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The Barefooted Boys.

By the sword of St. Michael

The old dragon through! By David his sling,

And the giant he slew ! Let us write us a rhyme,

As a record to tell, How the South on

a time Stormed the ramparts of hell

With her barefooted boys !

Had the South in her border

A hero to spare,
Or a heart at her altar,

Lo! its life's blood was there!
And the black battle-grime

Might never disguise
The smile of the South,
On the lips and the eyes

Of her barefooted boys!

There's a grandeur in fight,

And a terror the while,

But none like the light

Of that terrible smile-
The smile of the South,

When the storm-cloud unrolls
The lightning that loosens
The wrath in the souls

Of her barefooted boys!

It withered the foe

Like the red light that runs Through the dead forest leaves,

And he fled from his guns ! Grew the smile to a laugh,

Rose the laugh to a yell, As the iron-clad hoofs Clattered back into hell

From our barefooted boys.

The Tennessee Exile's Song.

I HEAR the rushing of her streams,

The murmuring of her trees,
The exile's anguish swells my heart

And melts with each soft breeze.
'Midst other scenes her corn-hills wave,

Her mountains pierce the skyWhere, where are they who swore to save

To conquer, or to die?

They come, from every blue hill-side,

From every lovely dale,
The heart, the soul, the very pride

Of mountain, hill, and vale.
Stalwart, they court like Anak's sons,

The rapture of the strife;
Drink in the earthquake of the guns,

To them the breath of life.

Spare not the invading mongrel hordes,

But slay them as they stand! Strike! Tennessee has living swords,

The best in all the land !

Strew o'er her plains their hostile lines,

Drench her fair fields with blood,
Fill their long ranks with bitter groans-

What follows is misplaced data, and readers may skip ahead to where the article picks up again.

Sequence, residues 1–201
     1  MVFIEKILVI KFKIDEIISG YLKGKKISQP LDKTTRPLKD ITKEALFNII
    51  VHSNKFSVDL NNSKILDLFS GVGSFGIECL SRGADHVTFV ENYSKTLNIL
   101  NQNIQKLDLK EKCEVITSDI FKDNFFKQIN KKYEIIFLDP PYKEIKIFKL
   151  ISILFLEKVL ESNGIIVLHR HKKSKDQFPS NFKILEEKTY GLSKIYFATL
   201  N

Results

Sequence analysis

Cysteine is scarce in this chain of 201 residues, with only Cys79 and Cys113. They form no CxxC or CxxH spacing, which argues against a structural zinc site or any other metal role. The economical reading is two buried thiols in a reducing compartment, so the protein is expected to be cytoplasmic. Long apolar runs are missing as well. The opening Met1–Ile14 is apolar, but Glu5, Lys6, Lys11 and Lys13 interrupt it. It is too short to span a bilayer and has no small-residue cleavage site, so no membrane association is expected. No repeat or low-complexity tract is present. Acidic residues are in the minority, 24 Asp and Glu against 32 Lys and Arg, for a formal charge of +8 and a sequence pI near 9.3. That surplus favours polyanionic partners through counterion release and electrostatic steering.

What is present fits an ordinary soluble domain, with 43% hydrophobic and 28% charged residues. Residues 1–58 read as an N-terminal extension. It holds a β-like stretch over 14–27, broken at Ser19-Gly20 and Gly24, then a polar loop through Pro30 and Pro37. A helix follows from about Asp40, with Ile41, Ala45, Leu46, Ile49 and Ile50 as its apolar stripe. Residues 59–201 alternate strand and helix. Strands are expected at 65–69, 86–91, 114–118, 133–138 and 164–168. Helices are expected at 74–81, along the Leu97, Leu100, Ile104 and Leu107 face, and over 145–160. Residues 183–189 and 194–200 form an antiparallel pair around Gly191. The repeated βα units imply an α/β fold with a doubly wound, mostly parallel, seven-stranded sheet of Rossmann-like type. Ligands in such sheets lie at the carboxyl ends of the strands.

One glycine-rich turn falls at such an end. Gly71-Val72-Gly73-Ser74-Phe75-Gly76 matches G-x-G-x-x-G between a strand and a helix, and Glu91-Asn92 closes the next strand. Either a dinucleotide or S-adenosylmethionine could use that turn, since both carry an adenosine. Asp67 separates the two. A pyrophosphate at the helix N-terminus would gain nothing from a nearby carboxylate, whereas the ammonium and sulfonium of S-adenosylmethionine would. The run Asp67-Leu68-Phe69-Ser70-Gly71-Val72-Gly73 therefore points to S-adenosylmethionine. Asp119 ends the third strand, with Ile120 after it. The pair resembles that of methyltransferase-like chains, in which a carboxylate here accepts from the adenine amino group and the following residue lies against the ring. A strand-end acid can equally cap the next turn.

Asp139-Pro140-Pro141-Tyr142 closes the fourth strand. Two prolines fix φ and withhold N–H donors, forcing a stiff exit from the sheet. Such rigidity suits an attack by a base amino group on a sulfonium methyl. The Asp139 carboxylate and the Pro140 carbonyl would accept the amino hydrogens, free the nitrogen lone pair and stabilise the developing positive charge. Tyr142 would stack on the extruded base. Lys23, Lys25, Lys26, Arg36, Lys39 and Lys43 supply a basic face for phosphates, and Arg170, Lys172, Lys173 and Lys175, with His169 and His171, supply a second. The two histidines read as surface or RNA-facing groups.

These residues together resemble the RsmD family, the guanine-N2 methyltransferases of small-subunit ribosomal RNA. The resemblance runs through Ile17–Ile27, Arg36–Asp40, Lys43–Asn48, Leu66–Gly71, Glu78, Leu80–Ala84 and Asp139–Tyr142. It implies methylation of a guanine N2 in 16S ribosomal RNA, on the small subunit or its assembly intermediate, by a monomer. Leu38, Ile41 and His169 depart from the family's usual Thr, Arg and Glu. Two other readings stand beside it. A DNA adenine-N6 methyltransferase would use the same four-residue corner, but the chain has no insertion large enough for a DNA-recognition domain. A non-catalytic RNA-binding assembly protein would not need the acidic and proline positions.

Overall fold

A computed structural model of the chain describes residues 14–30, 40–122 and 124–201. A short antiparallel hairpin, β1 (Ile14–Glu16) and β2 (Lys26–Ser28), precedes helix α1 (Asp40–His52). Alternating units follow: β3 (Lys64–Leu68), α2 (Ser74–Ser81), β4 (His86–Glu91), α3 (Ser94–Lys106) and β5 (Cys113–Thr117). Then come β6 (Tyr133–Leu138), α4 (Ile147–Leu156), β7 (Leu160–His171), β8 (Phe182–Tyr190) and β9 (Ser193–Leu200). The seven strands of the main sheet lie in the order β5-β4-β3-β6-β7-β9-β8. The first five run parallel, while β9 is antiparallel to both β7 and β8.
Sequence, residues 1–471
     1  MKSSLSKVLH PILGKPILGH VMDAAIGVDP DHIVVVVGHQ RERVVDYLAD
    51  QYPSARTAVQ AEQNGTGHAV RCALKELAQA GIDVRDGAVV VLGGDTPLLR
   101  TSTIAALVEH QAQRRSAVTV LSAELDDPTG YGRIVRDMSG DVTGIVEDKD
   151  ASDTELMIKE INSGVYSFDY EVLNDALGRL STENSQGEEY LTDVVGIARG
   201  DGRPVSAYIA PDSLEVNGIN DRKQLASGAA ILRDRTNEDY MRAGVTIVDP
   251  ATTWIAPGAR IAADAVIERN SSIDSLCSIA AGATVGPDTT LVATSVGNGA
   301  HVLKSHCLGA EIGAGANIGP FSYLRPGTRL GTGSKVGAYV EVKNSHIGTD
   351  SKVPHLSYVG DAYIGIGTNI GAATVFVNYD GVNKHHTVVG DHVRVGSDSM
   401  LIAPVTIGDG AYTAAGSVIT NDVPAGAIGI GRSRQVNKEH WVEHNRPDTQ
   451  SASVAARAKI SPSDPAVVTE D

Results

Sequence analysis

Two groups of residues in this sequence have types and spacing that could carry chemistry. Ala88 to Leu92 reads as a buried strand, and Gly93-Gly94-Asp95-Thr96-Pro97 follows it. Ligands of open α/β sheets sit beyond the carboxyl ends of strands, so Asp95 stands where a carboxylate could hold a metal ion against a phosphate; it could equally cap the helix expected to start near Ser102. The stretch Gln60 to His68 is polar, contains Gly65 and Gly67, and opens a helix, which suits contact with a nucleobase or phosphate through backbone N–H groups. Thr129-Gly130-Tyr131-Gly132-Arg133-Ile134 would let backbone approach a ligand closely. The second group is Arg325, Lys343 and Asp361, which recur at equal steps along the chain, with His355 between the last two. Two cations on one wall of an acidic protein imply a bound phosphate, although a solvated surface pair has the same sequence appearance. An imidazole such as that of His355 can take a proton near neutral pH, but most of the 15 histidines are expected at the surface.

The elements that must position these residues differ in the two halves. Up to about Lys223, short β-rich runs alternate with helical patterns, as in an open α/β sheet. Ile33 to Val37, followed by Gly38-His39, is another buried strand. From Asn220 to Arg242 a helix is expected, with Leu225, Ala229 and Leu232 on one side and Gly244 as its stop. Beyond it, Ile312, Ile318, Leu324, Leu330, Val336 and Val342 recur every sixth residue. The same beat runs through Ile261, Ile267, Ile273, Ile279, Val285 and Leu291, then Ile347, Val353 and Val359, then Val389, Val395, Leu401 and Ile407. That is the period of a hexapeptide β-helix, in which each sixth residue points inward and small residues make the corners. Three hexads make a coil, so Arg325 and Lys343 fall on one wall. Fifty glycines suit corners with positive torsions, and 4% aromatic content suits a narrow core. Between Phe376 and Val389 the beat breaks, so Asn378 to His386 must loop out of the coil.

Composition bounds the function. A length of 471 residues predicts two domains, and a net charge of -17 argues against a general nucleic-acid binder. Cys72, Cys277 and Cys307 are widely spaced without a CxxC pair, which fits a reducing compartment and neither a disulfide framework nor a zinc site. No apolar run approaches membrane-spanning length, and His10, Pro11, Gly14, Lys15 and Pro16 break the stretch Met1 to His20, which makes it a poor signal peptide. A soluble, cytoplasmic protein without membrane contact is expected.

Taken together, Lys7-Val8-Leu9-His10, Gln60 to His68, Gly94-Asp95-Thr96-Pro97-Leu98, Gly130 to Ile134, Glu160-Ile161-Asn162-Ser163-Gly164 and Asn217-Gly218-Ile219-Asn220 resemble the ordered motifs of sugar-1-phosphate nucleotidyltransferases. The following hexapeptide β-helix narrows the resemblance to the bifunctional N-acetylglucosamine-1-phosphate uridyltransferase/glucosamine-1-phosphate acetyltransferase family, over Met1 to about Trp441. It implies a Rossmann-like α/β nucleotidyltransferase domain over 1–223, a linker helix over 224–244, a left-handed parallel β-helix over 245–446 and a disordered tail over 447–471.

Let blood flow like a flood !

Ay, sow the seeds of lasting hate

At Johnson's, Hatlin's graves,
And do their deeds and dare their fate,

Or live the oppressors' slaves !
Bleed freely, as you bled of yore,

In every well-fought field,
Press round the flag you always bore

The foremost-as a shield

I feel her pulse beat high and quick,

Her sinews stretch for strife,
Full come her heart-throbs deep and thick,

She kindles into life!
Though Donelson has told her tale,

And Shiloh's page is bright,
There's yet a bloodier field to win,

For Nashville and the right!

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Somebody's Darling.

INTO a ward of the whitewashed walls

Where the dead and the dying layWounded by bayonets, shells and balls

Somebody's darling was borne one day. Somebody's darling! so young and so brave,

Wearing still on his pale, sweet faceSoon to be hid by the dust of the grave

The lingering light of his boyhood's grace.

Matted and damp are the curls of gold,

Kissing the snow of that fair young brow; Pale are the lips of delicate mould

Somebody's darling is dying now.
Back from the beautiful, blue-veined face

Brush every wandering, silken thread;
Cross his hands as a sign of grace-

Somebody's darling is still and dead !

Kiss him once for somebody's sake;

Murmur a prayer, soft and low;
One bright curl from the cluster take-

They were somebody's pride, you know.

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